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March 22, 2006

Don't forget, Sid's still a Kid


(MONTREAL) -- So Sid the Kid's a crybaby, huh?

At least that's what Ottawa Senators captain Daniel Alfredsson thinks of Pittsburgh Penguins phenom Sidney Crosby, but he appears not to be alone in that department.

Montreal Canadiens defenseman Mathieu Dandenault said the same thing this week after playing against Crosby's Penguins and Alexander Ovechkin's Washington Capitals in back-to-back games.

Dandenault, after playing against Crosby last Saturday night, essentially reinforced what Alfredsson said recently, that Ovechkin takes his lumps like a man but Crosby complains to the refs every time he receives a perceived cheap shot.

Dandenault watched Ovechkin get knocked around early in the Capitals game against the Habs on Monday night, yet Ovechkin never made so much as a gesture to the referees. 

Instead, Ovechkin bided his time until an opportunity presented itself, and then he ploughed through Canadiens defenseman Craig Rivet while he had his head down concentrating on keeping the puck in the offensive zone.

"That's what I like about him," Dandenault told Journal de Montréal reporter Pierre Durcoher after the Capitals game. "Ovechkin isn't afraid to fight back, instead of just complaining to the refs like Sidney Crosby does. I fully agreed with what Daniel Alfredsson said about Crosby. Sidney has to realize that he's not playing in junior anymore. Dives don't work in the NHL."

I haven't watched every single one of Crosby's or Ovechkin's games, but I would imagine they get more or less the same treatment from opponents seeing as they are both clearly the best players on their respective teams.

The major difference between the two, however, is that Ovechkin is 20-years old and Crosby is only 18. A lot of people may have a tendency to forget that about Crosby, simply because he's been on the hockey radar for such a long time. His first newspaper interview was at the age of seven, and he was profiled in Sports Illustrated at the age of 16.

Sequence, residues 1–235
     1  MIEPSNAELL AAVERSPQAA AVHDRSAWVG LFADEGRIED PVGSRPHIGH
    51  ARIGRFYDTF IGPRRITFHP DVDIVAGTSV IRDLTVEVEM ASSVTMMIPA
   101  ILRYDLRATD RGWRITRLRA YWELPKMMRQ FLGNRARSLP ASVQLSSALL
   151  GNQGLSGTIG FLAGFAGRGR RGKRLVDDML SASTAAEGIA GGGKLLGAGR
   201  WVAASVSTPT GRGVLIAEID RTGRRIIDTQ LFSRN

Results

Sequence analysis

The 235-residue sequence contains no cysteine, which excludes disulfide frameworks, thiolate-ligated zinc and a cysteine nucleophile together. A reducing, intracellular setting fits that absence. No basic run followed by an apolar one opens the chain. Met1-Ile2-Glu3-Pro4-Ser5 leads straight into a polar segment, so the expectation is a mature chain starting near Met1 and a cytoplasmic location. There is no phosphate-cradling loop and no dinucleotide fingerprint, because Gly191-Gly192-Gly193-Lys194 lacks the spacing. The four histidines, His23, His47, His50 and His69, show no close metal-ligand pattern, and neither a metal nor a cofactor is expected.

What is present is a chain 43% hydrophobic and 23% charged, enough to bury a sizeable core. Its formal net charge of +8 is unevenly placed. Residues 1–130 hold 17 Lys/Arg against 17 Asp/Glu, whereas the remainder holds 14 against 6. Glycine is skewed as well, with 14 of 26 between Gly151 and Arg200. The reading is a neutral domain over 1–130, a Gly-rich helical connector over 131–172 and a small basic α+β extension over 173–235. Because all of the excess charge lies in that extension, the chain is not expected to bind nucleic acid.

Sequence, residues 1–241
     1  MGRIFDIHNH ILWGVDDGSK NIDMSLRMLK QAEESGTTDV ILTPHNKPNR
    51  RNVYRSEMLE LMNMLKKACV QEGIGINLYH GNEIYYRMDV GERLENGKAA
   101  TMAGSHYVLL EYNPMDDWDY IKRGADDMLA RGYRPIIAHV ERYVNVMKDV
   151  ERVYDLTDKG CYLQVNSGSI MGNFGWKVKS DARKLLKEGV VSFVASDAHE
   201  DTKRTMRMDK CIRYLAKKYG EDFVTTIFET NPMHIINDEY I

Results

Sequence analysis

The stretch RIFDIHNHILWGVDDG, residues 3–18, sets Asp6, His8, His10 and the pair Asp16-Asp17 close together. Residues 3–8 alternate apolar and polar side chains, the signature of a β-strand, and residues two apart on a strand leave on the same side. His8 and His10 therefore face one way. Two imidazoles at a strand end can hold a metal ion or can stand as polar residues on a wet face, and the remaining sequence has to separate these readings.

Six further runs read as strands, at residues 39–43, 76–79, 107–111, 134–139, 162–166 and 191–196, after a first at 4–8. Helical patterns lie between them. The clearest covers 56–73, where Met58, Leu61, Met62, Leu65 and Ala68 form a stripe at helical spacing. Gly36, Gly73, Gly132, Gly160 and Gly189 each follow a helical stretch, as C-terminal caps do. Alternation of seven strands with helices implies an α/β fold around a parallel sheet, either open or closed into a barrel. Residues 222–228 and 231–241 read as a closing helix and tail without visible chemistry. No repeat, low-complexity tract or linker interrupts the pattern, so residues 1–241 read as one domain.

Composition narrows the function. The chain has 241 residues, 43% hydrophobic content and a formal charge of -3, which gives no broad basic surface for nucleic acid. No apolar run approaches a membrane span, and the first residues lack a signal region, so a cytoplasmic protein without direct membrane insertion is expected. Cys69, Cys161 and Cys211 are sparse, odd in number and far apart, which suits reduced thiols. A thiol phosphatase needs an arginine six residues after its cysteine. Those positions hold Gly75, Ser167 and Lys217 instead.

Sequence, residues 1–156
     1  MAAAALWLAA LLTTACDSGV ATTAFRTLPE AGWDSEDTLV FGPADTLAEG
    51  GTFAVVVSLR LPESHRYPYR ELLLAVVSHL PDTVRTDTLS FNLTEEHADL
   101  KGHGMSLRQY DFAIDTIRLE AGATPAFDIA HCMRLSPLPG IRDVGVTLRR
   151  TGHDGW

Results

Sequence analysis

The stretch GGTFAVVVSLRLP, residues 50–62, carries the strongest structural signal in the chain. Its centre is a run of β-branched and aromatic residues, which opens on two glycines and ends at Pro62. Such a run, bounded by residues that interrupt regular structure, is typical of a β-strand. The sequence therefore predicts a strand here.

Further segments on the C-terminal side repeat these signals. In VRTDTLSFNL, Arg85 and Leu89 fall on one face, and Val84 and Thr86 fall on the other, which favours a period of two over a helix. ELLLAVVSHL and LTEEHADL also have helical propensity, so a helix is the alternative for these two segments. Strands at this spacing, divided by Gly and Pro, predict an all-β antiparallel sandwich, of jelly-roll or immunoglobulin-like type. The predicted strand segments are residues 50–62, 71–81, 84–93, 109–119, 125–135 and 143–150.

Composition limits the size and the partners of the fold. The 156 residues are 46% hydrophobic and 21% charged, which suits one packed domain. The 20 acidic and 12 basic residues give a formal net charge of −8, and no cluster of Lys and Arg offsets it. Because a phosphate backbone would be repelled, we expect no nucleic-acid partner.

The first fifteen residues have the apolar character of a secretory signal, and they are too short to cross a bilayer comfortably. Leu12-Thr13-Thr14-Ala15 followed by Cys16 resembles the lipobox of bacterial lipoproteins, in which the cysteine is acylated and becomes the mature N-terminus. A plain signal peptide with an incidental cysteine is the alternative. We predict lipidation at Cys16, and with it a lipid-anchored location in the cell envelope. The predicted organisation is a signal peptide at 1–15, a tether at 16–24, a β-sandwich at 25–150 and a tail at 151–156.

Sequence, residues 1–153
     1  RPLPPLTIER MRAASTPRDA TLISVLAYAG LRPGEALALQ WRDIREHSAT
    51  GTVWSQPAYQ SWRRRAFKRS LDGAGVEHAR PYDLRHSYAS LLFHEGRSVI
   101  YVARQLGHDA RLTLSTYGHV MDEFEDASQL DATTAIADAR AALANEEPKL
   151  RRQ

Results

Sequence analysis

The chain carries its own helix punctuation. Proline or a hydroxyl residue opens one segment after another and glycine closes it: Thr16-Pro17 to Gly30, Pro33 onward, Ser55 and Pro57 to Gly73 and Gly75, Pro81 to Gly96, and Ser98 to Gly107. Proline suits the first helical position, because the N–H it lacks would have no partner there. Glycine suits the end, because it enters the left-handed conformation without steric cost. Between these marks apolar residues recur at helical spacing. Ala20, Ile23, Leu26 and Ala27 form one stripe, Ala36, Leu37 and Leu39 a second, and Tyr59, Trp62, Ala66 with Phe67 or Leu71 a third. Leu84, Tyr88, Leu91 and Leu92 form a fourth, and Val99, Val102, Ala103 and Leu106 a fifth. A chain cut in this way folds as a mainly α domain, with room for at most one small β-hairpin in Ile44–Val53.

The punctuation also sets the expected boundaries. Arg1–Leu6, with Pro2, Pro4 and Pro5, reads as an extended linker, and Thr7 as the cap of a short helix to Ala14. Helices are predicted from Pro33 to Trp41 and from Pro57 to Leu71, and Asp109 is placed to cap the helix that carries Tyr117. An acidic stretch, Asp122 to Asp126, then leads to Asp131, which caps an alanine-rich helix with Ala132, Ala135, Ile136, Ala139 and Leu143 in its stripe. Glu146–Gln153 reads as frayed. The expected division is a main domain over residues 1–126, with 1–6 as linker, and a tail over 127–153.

The two-year difference between Crosby and Ovechkin would already be huge in terms of physical development and maturity, however the more important comparison to make is where the two have been playing hockey the past few years.

Ovechkin played for Moscow Dynamo of the Russian Superleague for four years before coming to the Capitals, meaning that he began playing with and against men at the ripe age of 16.

Over those same four years, Crosby spent one season playing midget-AAA for the Dartmouth Subways, one season at Shattuck St-Mary's prep school in Minnesota, and two seasons of junior hockey with the Rimouski Océanic.

To say that Ovechkin was better prepared to play in the NHL this season would be an understatement of epic proportions. He's had to deal with shots from men who were afraid of a kid making them look bad for four years, and the Russian referees handling his games were probably no less inclined to look out for him as their NHL counterparts are.

Crosby was also subject to the same kind of treatment from opponents in junior, but he was more likely to get a call from junior and high school refs than he is in the NHL, especially when he berates officials with obscenities after every perceived slight.

Those outbursts, in my eyes, are a clear sign that Crosby has some maturing to do, as is the case for most 18-year-olds. But one area where he is mature is with the media, seeing as reporters have followed his every move for over half his life.

When told of Dandenault's remarks following Pittsburgh's game against Crosby's boyhood team in Montreal on Saturday, the phenom took the whole thing in stride.

"Guys are going to make their comments, and that's fine," he calmly replied. "I'm not going to get into a war in the media. I'll do it on the ice. I'm not going to talk about other guys. That's not how I operate."

That answer proves that off the ice, Crosby is mature beyond his years. His maturity on the ice is another matter, but he has several years to develop that.

So when judging Sid the Kid, it's important to remember that he's just that, a kid. It would therefore be wise to cut that kid a little bit of slack.

Arpon Basu, also of The Canadian Press, is a columnist for and the Montreal Correspondent for The Fourth Period Magazine.


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